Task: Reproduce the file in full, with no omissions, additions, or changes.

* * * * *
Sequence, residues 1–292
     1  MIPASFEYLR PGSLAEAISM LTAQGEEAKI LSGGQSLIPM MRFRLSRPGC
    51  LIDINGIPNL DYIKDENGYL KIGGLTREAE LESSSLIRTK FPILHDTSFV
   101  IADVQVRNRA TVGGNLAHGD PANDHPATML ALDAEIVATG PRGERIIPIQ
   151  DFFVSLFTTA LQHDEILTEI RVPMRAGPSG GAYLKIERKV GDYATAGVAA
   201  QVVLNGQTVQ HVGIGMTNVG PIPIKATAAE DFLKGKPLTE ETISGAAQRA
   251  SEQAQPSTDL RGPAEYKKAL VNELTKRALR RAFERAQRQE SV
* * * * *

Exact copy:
Sequence, residues 1–292
     1  MIPASFEYLR PGSLAEAISM LTAQGEEAKI LSGGQSLIPM MRFRLSRPGC
    51  LIDINGIPNL DYIKDENGYL KIGGLTREAE LESSSLIRTK FPILHDTSFV
   101  IADVQVRNRA TVGGNLAHGD PANDHPATML ALDAEIVATG PRGERIIPIQ
   151  DFFVSLFTTA LQHDEILTEI RVPMRAGPSG GAYLKIERKV GDYATAGVAA
   201  QVVLNGQTVQ HVGIGMTNVG PIPIKATAAE DFLKGKPLTE ETISGAAQRA
   251  SEQAQPSTDL RGPAEYKKAL VNELTKRALR RAFERAQRQE SV